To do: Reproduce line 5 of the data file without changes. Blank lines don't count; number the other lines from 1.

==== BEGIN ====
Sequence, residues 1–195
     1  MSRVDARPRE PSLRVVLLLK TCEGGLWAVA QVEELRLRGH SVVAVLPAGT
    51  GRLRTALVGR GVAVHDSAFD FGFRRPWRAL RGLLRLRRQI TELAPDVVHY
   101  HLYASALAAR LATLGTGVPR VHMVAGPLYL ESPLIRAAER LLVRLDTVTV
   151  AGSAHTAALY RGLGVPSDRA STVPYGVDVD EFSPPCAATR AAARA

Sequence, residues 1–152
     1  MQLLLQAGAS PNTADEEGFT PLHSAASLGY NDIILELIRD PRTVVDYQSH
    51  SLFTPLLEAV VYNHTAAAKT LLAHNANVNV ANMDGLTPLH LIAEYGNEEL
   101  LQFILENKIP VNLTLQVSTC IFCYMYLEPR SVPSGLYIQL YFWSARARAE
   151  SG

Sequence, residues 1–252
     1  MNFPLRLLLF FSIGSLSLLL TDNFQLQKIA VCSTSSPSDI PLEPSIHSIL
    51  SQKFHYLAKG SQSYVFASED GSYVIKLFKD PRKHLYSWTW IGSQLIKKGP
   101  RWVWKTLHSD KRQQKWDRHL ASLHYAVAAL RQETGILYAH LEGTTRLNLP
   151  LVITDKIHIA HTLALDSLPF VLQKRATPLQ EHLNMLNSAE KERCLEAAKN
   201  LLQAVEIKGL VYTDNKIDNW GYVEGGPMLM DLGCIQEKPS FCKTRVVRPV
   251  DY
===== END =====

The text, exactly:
   151  AGSAHTAALY RGLGVPSDRA STVPYGVDVD EFSPPCAATR AAARA